Watching teammates push or be pushed to help you win races is probably not what we as race fans want to see again. It adds security for a driver knowing it's his teammate behind him, but if your teammate gets sidelined or drops to the back, that's when you need to find a new partner and that's when things can go wrong. Do I want to see it again? No. And, thankfully, Phoenix was nothing like what we saw in Daytona and Las Vegas was nothing like what we saw in Phoenix. The race product is good, the cars are awesome, they have world-class drivers and when you peek inside those cars and see the details, you realize how hard they work to go racing.
Unfortunately, Jamie McMurray wasn't able to repeat his Daytona 500 win of last year, but the irony wasn't lost on people when he pushed Kurt Busch's Penske car to victory in the Bud Shootout! There's a great deal of mutual respect between Chip's organization and Roger's organization; we applaud what they do and from what I've seen of them in the past, I'm sure they applaud what we do. Having Jamie help Kurt win a race isn't something that happens every race weekend between the two organizations! But it was handled in a clear and fair manner, and I'd expect nothing less.
I first met Jamie when he subbed for Sterling Marlin here at Ganassi in 2002, but it's only through doing the Rolex 24 with him that I've gained a great deal of respect for him to not only drive a racecar but also work with the people around him to get the most out of it. He doesn't give up anything on the racetrack to his teammates: think who he was driving with at Daytona. He was with Montoya, Dixon and Franchitti and you'd think that would be intimidating given their road course racing backgrounds, but during open practice, we put him out there with shagged-out tires and tons of fuel in the tank, and he was as fast as the person who'd just handed it over to him. He's got enormous ability, and he's willing to study drive style and adapt himself in order to be faster. That's the mark of an open-minded race driver who wants to be better. I can't sing his praises highly enough.
With him and Juan driving for us, the aim has to be to get both our Sprint Cup cars in the Chase this year. There was a great deal of disappointment among our guys that we didn't get either of them in last year, despite Jamie winning the two biggest races on the schedule and Juan getting his second Sprint Cup win. Our NASCAR team is so dedicated to their jobs, it's how they live their lives each day, and getting into the Chase is their goal. But it's so hard to do. Ten people have got to consistently finish in an average of (I think) 12th position over the course of 26 races. Through all the things that go on in a race, the diversity of racetracks, the fact that you have to share real estate with 42 other cars, and you have to get in and race despite the testing being as limited today as it's ever been, finishing an average of 12th is a tough task. There's an enormous amount of pressure there. On the other hand, pressure creates an enormous amount of satisfaction when you do well, and that's what Jamie and Juan and the guys who support those two operations are looking for every weekend – to have the satisfaction match the pressure. The one thing we're sure of is that they have got everything it takes to get it done.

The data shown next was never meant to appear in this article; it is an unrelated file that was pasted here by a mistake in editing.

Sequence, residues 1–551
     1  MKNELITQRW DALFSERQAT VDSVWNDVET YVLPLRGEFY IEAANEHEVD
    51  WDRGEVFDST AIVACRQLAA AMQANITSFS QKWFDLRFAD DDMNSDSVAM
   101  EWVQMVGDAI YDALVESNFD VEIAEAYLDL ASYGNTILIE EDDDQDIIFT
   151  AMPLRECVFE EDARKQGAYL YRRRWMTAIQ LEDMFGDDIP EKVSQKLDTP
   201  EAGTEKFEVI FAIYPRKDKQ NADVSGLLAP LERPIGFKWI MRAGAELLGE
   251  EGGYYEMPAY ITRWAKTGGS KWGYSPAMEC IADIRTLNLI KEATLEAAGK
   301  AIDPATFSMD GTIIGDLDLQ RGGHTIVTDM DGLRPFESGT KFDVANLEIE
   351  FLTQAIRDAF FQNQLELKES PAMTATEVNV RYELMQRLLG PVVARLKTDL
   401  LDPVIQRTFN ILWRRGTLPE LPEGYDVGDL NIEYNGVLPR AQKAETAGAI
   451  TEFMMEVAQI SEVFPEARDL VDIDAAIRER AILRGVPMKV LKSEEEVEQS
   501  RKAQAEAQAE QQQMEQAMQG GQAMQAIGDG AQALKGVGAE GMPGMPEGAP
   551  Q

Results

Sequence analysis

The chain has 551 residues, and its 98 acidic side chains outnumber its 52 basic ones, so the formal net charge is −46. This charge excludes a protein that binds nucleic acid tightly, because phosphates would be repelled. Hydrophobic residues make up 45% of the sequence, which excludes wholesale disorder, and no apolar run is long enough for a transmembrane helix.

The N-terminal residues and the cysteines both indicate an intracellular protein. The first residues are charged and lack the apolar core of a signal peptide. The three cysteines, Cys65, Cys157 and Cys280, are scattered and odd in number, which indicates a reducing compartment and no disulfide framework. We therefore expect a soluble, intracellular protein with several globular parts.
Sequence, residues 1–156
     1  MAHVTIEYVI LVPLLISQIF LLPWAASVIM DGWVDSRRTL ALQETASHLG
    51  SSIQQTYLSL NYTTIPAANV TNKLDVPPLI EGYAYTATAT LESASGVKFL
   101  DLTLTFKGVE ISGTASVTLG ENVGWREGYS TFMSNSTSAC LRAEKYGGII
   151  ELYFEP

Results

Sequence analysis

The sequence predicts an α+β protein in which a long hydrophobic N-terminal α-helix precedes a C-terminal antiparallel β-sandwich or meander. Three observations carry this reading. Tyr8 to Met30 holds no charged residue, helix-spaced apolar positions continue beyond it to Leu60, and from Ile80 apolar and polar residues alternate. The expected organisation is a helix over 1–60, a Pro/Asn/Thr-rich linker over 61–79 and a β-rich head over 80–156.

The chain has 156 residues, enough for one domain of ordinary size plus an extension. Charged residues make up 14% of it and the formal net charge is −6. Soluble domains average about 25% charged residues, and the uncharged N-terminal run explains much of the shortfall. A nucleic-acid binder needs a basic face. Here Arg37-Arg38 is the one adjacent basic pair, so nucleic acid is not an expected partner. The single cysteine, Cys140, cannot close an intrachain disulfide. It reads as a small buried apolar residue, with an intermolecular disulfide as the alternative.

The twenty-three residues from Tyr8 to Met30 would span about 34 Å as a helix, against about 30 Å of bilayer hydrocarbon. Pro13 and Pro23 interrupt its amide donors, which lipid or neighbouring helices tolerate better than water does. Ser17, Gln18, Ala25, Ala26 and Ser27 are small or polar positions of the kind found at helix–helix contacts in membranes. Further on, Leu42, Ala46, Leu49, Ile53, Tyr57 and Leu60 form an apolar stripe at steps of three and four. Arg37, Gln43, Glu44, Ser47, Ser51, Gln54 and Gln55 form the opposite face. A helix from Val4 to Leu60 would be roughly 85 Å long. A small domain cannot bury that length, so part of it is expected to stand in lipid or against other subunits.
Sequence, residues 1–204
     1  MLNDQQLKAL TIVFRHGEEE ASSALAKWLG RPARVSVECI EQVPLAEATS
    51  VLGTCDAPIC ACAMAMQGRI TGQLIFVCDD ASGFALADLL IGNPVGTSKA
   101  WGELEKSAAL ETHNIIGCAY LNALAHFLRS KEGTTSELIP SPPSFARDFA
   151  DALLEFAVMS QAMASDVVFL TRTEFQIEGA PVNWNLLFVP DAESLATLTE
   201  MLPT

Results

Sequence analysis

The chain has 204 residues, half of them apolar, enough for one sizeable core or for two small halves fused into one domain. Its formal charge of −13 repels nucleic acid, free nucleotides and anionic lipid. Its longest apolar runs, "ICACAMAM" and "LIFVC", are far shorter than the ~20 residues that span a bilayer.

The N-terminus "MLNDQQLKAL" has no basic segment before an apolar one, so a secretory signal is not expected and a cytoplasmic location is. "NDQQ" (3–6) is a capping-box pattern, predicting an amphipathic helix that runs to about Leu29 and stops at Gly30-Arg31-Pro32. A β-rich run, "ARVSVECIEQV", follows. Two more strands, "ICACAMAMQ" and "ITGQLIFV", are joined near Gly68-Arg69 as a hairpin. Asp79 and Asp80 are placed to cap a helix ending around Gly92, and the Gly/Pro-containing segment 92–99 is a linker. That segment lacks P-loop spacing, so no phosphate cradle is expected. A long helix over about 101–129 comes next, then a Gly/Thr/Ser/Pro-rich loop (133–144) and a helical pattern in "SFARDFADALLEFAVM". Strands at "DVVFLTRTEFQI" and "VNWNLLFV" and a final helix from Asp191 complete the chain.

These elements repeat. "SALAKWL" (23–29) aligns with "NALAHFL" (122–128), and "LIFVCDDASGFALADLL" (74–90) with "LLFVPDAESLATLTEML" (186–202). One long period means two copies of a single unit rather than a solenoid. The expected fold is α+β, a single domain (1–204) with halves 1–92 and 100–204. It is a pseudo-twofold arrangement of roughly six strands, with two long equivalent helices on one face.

IZOD IndyCar Series
We've won the last three IndyCar titles but I can tell you, there's no complacency at Target Chip Ganassi Racing in 2011 – or any other time, come to think of it! Our reigning champion Dario Franchitti has three titles and two Indy 500 wins to his name, but he is like the rest of us in terms of motivation. When you're given the special opportunity like we've all been given here – drivers of enormous ability, team members of enormous ability, and an owner who shoves everything toward us to get the job done – I don't think it's hard to be motivated. It's actually easy.
In Dario's case, I think he also looks at the lineage, where he came from, who he represents and the people in the past who have won the Indy 500 multiple times or won multiple IndyCar championships. He then knows what it means to be categorized as a multiple winner. Driving for Target Chip Ganassi Racing helps him achieve the things he's achieved, but Dario himself is a very special individual who I believe is motivated by getting the most out of today. So long as he remains that way, he'll continue to operate at the highest level and motivate all those who work on his car into helping him achieve that. It's special to be around a guy like that: he creates the momentum that we need to achieve what we do.
Demeanor has a lot to do with sustained success, too, and both Scott and Dario treat each other and those around them with respect. Everyone around them treats them with respect, as well. There is great transparency here. If someone who works on Scott's car today worked on Dario's car tomorrow, Scott wouldn't be offended, and vice versa. It's because they know everybody works together and it's a very open and visible communication network we have here; nothing's hidden. We're not putting a blanket over Scott's car when Dario walks around it. That gives a driver a lot of reassurance, knowing he can go out and gather all the information he requires from his teammate to try and beat him – and that's exactly what we want! Teammate beating teammate and stepping away happy when they're done. It's a hard environment to foster, but I believe we do that and I think it is one of the many reasons we can look ahead to the 2011 IZOD IndyCar Series season and expect to operate at the same level as we have the previous three years.